The bigger loss for this CR-V was Honda’s decision to ditch their “magic” seats from this generation. Though, this decision was apparently due to platform design constraints, rather than any outright cost saving measures. The rear seats do still fold into the floor, for a flat extended cargo space.
Being true to form, there’s acres of cargo space in the new CR-V models. It varies by model, ranging from 581 litres at the lowest end (RS, with second row in place) and expanding to a huge 1671 litres at the highest (Sport AWD, second row folded down).
For context, cargo space in the RAV-4 ranges from 542 litres – 580 litres (second row in place). So, that’s score one to the CR-V.
2023 Honda CR-V: The Drive – CR-V RS
Introductions done, it was time to head out on an inland journey from Nelson to Christchurch. We’d start down SH 6, joining SH 65 past Murchison, through Lewis Pass to Hamner Springs.
For the first leg of the journey, we were handed the keys to the CR-V RS. The top-of-the-totem pole CR-V RS has all the trimmings – a full digital dash cluster, a Bose audio system, adaptive headlights, extra sound deadening and more.
Although, the highlight of the CR-V RS is Honda’s 2.0-litre e:HEV Hybrid powertrain. The e:HEV powertrain is Honda’s newest approach for its hybrids, utilising a traditional combustion engine, a generator, two electric motors, and a battery. Essentially, the electric motors perform most of the driving, while the petrol engine works to power a generator, which charges the battery. When up to higher speeds (and occasionally at low speeds), a clutch engages which switches the driving to the petrol engine. Pretty clever stuff.
The gearbox is even cleverer. Honda calls it their “e-CVT”, but it’s not really a CVT in the conventional sense. That’s because it’s a combination of the electric motors and a series of clutches in charge of the power flows, meaning this e-CVT is more like a direct-drive unit as opposed to a belt-driven CVT. Confused? Yeah, I don’t blame you.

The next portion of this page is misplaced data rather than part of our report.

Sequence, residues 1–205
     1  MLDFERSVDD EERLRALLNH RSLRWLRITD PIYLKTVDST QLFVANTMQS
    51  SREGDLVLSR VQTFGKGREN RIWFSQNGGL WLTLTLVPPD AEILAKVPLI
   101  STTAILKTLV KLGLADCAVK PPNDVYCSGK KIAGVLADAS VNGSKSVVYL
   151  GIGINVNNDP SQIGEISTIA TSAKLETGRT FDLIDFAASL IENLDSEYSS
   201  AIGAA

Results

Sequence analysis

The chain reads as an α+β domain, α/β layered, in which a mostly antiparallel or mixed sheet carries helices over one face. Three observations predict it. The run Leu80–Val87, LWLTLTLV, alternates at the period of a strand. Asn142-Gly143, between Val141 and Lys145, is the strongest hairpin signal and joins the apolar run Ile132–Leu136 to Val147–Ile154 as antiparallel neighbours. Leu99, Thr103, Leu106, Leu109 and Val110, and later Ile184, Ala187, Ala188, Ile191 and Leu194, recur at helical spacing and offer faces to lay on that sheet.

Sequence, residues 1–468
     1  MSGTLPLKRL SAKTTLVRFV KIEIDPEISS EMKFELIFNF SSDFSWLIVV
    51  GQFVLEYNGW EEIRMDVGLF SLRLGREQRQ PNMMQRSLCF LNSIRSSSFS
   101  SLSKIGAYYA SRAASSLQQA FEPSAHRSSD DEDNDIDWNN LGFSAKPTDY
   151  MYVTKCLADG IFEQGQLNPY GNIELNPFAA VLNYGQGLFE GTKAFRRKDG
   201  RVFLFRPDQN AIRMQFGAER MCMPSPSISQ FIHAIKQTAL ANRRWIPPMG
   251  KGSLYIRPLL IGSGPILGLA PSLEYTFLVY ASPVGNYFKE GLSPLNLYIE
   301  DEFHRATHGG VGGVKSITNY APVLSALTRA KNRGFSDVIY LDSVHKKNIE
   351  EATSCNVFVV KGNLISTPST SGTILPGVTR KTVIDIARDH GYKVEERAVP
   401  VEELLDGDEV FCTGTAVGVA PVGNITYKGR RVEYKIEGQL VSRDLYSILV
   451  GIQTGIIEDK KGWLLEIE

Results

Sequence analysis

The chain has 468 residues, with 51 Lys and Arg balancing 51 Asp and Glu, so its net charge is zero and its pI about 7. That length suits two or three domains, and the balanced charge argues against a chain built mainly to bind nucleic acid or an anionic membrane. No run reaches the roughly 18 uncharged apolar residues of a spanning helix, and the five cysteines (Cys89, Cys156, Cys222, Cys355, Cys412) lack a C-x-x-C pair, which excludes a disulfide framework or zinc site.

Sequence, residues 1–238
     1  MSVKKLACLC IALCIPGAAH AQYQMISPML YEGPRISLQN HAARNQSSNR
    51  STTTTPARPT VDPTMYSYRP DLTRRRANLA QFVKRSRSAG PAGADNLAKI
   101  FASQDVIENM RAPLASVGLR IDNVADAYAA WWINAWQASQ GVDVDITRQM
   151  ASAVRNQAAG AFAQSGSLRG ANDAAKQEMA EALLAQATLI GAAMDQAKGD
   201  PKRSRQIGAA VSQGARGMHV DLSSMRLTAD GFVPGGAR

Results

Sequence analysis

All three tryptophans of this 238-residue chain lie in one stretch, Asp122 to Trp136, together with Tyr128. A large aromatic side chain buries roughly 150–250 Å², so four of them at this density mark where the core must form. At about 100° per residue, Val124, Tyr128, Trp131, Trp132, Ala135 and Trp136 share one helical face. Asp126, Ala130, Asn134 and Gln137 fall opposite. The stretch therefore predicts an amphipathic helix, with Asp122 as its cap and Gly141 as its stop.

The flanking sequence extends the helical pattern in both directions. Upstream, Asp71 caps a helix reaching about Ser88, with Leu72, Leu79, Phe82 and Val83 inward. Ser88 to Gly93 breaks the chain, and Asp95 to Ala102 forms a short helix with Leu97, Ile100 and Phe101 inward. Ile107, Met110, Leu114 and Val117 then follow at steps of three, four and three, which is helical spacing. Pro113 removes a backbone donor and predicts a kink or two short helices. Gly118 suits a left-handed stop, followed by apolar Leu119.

The better question is how this mechanical electric-motor trickery works in practice. Fortunately, the inland route ahead of us would provide us with ample opportunity.
With 335Nm of torque on tap, the CR-V RS thrusts ahead with convincing pace, reaching 100 kph in just over 7.5 seconds. Being predominantly electric motor driven, its performance delivery is exceptionally smooth. Honda’s e-CVT performs a near seamless blend of the petrol engine, maintaining a powertrain smoothness on the open road. Honda’s even incorporated a fairly fruity, albeit fake, engine note that sings out when you mash your foot down.
The whole electric-motor-clutch-on-petrol fandango works remarkably well in practice. Although, the performance delivery can feel a tad synthetic. You hear an engine running, but it delivers most of its power in an EV-like way. You do adjust to this, but it might feel a tad strange when you encounter it for the first time.
Anyway, this motor is primarily for efficiency and it does exactly that. Even with some spirited driving, we returned a fuel consumption figure of 6.9L/100kms. Impressive for a chunky SUV.
Even more impressive is the handling of the new-gen CR-V, which the twister sections of SH 65 and SH 7 quickly revealed. The new-gen CR-V’s body has been made 15% stiffer, the wheelbase is longer and the wheel track is wider. All this, amongst other chassis tweaks, has allowed Honda to make notable handling improvements, particularly in body control. Tight and technical sections were dealt with tidily and there’s fewer unbalanced secondary motions in faster corners. It’s a substantial improvement over its predecessor.